William D. Chadick was born in Overton county, Tenn., on the 22d of January, 1817, and died at McMinnville, Tenn., on the 4th of September, 1878, and was sixty-one years and some months of age. His parents moved to Jackson county, Ala., when he was about twelve years old. He professed religion at Mink's Creek camp-ground, Jackson county, at about the age of sixteen, and joined the Church then and there. The ministers in attendance (as he recollected them) were Hiram A. Hunter, M. B. Feemster, Henry Larkin, S. W. and Robert Frazier, and S. W. Donathan. The two latter were the preachers of that immediate section, with whom he was familiar.
About this time the war with the Creek Indians arose, and young Chadick volunteered at the age of seventeen, and served out his time, until the Creeks were removed to where they now live. Soon after he came home, being impressed with the duty of preaching the gospel, he joined the Jackson Presbytery of the Cumberland Presbyterian Church, Columbia Synod, when about nineteen years old. His education was then limited. He did not have, as young men now have, the advantages of collegiate training. Helps for poor young men were few. But, at this time, he went to school to M. B. Feemster, who was considered the great educator of the day in the Cumberland Presbyterian Church in that region. That teacher performed a great work for young Chadick.
"A dew-drop on the baby plant,
Hath warped the giant oak forever."
After a short time with books and the old log school-house, he was licensed to preach, and rode the circuit five or six years in Jackson, Morgan, Madison, and Clay counties, North Alabama, and in Franklin and Lincoln counties, Tennessee. This extensive field of labor was truly his Alma Mater, his university, where the foundation of his future usefulness and position in the Church of his choice was laid. And it is much to be doubted whether any of his subsequent years of labor were more useful and eminently successful than these years of circuit-riding. Many prominent and useful men now living, with many more of the pious dead, are some of the fruits of these years of toil and sacrifice.
But the young preacher was not a mere circuit-rider, content to move in its sweet but limited circle. He was possessed of aspiring views, and he early regarded the ministry as of vast moment, and its preparation a great work. His mind was active and he resolved to grasp extended education from books, papers, and men. He became a student. He laid hands on books as he might find them in the houses where he stopped; he studied the Divine goodness and power in nature as he traveled alone among the native mountains; he studied human will and the philosophy of the mind in his contacts with men; he studied the forms of grammar, the methods of rhetoric, and the powers of logic; he studied the methods of gospel presentation under the fervid appeals of Matthew H. Bone, Robert Donnell, Hiram A. Hunter, Robert Frazier, and others of the day. With a mind originally philosophic and intuitive, and with these helps, he, in the course of a few years, made himself a good scholar and an orator. He went further and studied the Greek language, so as to draw bible interpretation from the original text. He, in fact, soon advanced in knowledge beyond his contemporaries, and became to be regarded as the wisest young man in his home territory. In due time he was ordained. He was first called to preside over the church at Bellefonte, Ala., where he labored and also taught about two years with great acceptance. He also taught at Warrenton, Ala. His field was yet local, but, by his visits and powerful preaching at the Presbyteries, Synods, and other great meetings, he became known and his name began to sound through the churches.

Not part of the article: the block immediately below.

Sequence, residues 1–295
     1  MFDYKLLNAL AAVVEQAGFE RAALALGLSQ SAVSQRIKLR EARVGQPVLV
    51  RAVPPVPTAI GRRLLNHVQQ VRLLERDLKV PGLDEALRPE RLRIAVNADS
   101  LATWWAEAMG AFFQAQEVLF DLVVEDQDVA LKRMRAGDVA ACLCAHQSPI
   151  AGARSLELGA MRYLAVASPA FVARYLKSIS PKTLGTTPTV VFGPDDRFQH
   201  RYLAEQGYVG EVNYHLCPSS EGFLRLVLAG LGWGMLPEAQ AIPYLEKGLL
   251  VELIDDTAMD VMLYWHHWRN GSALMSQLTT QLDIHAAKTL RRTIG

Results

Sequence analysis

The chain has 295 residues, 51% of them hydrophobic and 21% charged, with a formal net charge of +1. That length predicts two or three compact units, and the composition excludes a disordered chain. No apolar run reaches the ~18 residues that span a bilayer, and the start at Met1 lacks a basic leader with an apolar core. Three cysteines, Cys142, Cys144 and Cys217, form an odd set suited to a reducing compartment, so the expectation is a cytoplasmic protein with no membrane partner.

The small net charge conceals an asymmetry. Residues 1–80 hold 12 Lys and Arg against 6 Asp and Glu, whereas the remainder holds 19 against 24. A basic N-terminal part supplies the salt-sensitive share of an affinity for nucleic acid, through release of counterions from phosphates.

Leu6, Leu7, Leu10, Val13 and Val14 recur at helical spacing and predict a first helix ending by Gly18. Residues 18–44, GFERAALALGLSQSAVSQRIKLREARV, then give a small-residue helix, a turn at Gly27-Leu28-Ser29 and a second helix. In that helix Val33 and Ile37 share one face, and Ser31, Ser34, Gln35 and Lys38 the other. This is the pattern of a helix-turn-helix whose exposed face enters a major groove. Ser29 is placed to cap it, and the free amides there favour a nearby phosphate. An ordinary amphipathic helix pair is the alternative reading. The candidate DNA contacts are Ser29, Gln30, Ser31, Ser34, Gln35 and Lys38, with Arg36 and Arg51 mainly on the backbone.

About this time there was a revival meeting held at Fayetteville, Tenn., and a special deputy (brother W. L. Berry, now of California), and a request was sent to brother Chadick at Bellefonte, to come and assist the church at Fayetteville. He came and labored with great power and success. Of this meeting brother W. L. Berry says:
His labors during that meeting endeared him very much to that church and congregation, and as the pastor was about removing to another state, they gave him a pressing call to settle with them, which he accepted and labored there for several years, and was much beloved not only by his charge but the entire community. A portion of the time he lived at Fayetteville. He filled very successfully the important position of principal of the Female Academy of that town.
At Fayetteville, in 1842, he married Miss Malinda P. Davis, daughter of Dr. Davis, and a relative of Judge Morgan of Mississippi, and niece of the distinguished lawyer, Col. James Fulton, an accomplished young woman, of noble qualities of head and heart, by whom he had two daughters, Sue and Jennie, and two sons, William and Edward. She died at Fayetteville.